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TRUST

 

Mike Martin Law can help you understand and establish the kind of trust that’s right for your situation. Unfortunately, trusts are often misused  – especially if the trust agreement isn’t carefully executed. If you are looking for a trust attorney, Mike Martin Law can help insure that your trust will benefit those it is established to benefit.

Because trusts are private instruments and have no court oversight, it is essential that trust documents be written and executed properly. Mike Martin’s extensive experience as a trust lawyer, along with his expertise in estate planning and probate, allows him to foresee and prevent potential problems with trusts.

Why would I want a trust?
There can be several advantages to establishing a trust, depending on your situation. Trusts can help your heirs avoid probate court and, in many instances, can help keep your affairs private. Many trusts are not part of the probate court system and never become a matter of public record.

There are two basic types of trusts: testamentary trusts (which are created by a will) and inter vivos trusts (meaning “between living people”). Trusts can often make distributions to beneficiaries much faster than probate court. In addition, administration of a trust is usually much less expensive than probate. A trust also can manage assets during a person’s lifetime, avoiding the need for a conservator.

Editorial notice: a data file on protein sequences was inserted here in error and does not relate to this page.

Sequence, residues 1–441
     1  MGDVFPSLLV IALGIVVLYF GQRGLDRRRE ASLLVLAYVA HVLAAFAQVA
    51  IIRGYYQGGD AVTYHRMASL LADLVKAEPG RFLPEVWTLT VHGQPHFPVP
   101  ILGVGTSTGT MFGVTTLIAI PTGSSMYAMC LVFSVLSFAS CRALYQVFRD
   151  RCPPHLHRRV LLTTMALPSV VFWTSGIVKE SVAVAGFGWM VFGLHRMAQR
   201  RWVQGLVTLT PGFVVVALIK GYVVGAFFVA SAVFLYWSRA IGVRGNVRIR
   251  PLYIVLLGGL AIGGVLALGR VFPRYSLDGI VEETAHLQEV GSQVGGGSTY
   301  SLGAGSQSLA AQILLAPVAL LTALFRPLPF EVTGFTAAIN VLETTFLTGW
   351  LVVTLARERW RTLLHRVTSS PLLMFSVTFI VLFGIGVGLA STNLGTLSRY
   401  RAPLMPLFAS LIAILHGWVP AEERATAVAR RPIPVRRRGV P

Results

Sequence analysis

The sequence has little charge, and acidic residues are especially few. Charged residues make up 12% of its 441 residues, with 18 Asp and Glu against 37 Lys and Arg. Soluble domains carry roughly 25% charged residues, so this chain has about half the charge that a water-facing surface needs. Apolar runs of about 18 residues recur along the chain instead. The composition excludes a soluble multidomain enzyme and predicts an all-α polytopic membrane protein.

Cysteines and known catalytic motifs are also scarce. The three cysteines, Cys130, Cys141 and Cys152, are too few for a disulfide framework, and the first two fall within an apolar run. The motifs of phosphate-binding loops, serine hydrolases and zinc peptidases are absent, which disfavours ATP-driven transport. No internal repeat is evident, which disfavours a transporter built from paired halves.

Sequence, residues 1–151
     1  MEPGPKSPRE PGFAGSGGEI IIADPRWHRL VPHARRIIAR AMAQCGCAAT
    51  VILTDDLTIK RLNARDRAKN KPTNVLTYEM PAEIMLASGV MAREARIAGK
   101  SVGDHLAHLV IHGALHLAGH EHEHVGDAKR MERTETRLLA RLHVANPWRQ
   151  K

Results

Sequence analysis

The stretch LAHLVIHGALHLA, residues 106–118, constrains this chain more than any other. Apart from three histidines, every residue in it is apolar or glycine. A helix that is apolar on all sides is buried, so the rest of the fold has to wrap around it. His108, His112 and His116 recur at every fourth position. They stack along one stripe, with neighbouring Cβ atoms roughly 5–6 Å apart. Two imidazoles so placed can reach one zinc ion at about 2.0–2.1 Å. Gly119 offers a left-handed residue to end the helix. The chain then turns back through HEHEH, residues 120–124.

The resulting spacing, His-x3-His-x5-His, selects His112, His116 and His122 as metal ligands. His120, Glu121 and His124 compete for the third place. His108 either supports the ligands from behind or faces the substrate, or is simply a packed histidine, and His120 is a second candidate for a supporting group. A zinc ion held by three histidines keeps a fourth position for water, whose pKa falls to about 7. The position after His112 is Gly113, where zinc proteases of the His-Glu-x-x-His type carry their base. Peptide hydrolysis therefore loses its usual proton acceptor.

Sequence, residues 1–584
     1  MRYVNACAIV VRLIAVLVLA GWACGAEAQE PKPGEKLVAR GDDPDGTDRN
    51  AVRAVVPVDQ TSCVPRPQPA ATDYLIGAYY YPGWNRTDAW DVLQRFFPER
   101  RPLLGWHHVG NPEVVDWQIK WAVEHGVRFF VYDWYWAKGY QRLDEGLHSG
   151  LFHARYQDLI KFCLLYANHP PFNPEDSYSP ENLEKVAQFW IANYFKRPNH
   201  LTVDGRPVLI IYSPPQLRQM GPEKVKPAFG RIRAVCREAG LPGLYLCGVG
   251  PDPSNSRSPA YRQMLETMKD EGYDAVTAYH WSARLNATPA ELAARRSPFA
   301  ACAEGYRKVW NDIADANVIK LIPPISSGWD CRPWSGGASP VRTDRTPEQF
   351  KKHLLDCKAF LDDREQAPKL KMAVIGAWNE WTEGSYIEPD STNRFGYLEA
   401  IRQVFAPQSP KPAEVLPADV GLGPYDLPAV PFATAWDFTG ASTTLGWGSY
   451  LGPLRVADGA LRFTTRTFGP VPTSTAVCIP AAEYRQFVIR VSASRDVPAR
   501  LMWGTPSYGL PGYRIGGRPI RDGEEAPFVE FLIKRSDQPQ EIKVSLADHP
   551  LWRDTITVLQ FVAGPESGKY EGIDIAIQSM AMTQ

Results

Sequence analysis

• Testamentary Trusts have no power or effect until the will of the donor is probated. Although a testamentary trust will not avoid the need for probate and will become a public document as part of your will, it can be useful in accomplishing many estate planning goals, especially as related to minor children.
  • Revocable Trusts are often referred to as "living" trusts. With a revocable trust, the grantor maintains complete control over the trust and may amend, revoke or terminate the trust at any time. Revocable trusts are generally used for asset management, probate avoidance, and tax planning.
  • Supplemental Needs Trusts enable the donor to provide for the continuing care of a disabled spouse, child, relative or friend while allowing the beneficiary to also receive public benefits.
  • Pet Trusts. The Uniform Trust Code contains specific provisions allowing trusts to care for your pets after your death.

In addition to creating a trust to avoid or simplify probate, you may also be able to utilize non-probate transfers as allowed by state law. Mike Martin Law can help you understand available methods of probate avoidance and how they may apply to your estate.

Do you need assistance establishing or amending a trust? Mike Martin Law offers knowledge experience you can rely on.  Contact us today.


 

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